It’s widely accepted in the indie publishing world (and beyond) that reviewers on the social reading site Goodreads are more discerning / harsh than their counterparts on Amazon.com. Some people have suggested that Goodreads users are better read, and therefore choosier about their books. Others have pointed to unscrupulous review practices that hit Amazon harder than other sites. I’d like to point to a third contributor to Amazon’s optimistic reviews: User experience design. Specifically, the UX design at Amazon encourages better reviews from all of its users.
If we compare the process of reviewing books at Amazon and Goodreads, there’s a big difference in how the ratings are presented. On Amazon, selecting any star level prompts the UI to tell you what that review means. On Goodreads, you have to hover over the stars for a second or two to get a tooltip with the suggested rating interpretation. Right off the bat, Amazon’s system goes farther to make the 5 star scale less subjective and have clearer defined meanings.
On top of that, Amazon’s interpretations are much more generous that Goodreads’. For example, on Amazon 5 stars means “I love it,” and 4 stars means “I like it.” But at Goodreads, the UI says 5 star reviews are for “amazing” books, while 4 stars means “I really liked it.”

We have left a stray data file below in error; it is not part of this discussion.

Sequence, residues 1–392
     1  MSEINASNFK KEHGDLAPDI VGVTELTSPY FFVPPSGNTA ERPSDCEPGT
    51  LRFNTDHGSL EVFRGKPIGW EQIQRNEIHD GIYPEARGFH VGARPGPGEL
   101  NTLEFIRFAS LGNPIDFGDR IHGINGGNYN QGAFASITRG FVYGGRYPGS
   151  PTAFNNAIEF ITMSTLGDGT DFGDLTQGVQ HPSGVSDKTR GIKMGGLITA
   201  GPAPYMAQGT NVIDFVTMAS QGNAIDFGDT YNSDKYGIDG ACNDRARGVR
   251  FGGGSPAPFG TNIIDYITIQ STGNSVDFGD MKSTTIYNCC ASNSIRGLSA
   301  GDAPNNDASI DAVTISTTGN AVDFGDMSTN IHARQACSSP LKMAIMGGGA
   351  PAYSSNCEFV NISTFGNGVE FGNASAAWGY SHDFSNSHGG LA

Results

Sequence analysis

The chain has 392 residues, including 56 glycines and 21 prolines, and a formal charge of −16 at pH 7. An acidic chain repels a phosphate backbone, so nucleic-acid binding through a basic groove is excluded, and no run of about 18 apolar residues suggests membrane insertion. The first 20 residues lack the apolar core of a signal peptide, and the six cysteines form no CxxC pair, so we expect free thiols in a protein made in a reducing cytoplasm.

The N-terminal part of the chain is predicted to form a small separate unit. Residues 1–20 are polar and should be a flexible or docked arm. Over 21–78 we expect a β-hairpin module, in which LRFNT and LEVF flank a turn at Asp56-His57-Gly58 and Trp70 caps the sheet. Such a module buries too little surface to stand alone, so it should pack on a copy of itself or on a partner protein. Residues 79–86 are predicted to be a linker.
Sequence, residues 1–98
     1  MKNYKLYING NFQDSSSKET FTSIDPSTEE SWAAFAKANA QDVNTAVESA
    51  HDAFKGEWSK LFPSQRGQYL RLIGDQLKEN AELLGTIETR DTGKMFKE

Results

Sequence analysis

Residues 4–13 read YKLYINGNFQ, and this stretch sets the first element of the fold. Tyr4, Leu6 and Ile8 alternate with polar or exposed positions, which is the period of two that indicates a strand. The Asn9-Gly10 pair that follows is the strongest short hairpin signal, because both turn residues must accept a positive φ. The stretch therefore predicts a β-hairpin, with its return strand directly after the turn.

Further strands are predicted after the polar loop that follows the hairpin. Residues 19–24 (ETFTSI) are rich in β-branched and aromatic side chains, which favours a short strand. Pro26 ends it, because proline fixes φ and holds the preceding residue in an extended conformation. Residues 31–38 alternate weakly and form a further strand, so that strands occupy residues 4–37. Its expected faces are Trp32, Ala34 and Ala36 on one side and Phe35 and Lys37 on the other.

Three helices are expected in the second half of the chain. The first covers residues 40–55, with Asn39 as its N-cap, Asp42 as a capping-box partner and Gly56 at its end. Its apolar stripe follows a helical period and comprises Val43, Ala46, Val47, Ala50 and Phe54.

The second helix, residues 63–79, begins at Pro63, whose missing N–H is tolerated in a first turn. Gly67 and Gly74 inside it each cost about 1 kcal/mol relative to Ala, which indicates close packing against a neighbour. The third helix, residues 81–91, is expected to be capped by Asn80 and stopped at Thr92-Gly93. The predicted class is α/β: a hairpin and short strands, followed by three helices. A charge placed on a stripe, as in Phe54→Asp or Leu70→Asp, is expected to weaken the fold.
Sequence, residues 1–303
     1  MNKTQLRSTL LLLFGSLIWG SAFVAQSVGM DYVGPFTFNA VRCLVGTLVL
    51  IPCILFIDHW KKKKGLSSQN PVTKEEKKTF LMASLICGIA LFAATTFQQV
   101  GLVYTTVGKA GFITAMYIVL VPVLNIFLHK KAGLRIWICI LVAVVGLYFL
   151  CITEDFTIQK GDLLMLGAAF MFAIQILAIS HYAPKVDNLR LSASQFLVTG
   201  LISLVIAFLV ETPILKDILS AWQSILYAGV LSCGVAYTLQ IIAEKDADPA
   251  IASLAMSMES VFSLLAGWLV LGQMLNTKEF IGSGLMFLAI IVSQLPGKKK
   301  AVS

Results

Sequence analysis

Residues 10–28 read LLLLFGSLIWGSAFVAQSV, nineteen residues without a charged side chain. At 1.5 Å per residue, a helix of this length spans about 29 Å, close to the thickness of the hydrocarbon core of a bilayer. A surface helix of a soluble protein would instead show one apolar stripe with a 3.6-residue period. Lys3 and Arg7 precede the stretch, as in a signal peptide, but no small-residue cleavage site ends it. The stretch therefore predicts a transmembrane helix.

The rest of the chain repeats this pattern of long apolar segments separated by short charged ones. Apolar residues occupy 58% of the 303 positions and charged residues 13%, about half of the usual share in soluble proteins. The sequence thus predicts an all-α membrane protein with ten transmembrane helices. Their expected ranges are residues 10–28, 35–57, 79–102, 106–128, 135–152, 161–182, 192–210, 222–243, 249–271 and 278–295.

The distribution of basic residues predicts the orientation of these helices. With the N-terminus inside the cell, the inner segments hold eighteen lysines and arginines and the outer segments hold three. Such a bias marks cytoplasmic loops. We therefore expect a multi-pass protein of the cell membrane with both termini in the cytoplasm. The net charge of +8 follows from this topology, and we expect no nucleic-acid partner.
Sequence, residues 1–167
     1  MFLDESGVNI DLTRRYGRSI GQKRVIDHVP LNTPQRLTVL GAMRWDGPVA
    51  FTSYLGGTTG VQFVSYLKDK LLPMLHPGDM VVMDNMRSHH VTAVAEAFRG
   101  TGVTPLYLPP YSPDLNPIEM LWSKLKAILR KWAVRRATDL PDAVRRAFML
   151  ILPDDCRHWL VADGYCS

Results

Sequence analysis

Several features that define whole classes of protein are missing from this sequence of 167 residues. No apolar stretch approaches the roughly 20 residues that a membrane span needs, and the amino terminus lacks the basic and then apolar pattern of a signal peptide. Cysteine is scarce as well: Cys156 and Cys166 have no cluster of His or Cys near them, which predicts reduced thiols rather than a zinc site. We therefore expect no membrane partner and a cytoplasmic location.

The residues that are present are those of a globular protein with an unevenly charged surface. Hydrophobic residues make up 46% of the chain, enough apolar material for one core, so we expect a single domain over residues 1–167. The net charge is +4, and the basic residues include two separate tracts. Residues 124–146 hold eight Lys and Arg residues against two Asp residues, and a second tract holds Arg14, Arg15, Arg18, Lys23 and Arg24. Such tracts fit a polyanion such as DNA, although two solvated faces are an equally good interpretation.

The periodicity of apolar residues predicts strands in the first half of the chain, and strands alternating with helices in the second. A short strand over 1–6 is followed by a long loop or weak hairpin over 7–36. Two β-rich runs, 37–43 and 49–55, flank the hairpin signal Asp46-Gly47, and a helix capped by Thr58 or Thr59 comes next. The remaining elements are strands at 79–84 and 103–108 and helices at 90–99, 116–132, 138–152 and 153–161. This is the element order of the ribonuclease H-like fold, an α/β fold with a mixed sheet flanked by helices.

Here’s a complete breakdown of how each site interprets the ratings:
- 5 Stars: On Amazon: “I love it”; On Goodreads: “it was amazing”
- 4 Stars: On Amazon: “I like it”; On Goodreads: “really like it”
- 3 Stars: On Amazon: “It’s okay”; On Goodreads: “liked it”
- 2 Stars: On Amazon: “I don’t like it”; On Goodreads: “it was ok”
- 1 Star: On Amazon: “I hate it”; On Goodreads: “did not like it”
The way Amazon has designed its interface explicitly sets the bar lower every rating. Think a book was OK? That’s 3 stars on Amazon and 2 stars on Goodreads. Like a book? 4 stars on Amazon and 3 on Goodreads. And so on and so forth.
I know that — due to these scale differences — I’ve given a book 4 stars on Goodreads and 5 stars on Amazon. I loved the book, but I wouldn’t go so far as to call it amazing and I followed the sites’ guidelines. These guidelines definitely shape other users ratings as well, and over time that changed behavior will raise Amazon’s average scores meaningfully. A lot of books that would read receive poor to middle scores on Goodreads will receive middle to good scores on Amazon.
One could certainly debate whether or not there is any sinister motivation behind this system. Some might say that Amazon’s reviews are there to encourage others to buy products, not give unbiased opinions, and therefore high reviews serve their purposes better. You could also argue that the language behind the scales is arbitrary, and that Amazon may have just chosen that language based on other factors. Whether or not they had some reason to intend it, Amazon’s ratings are higher than others by design.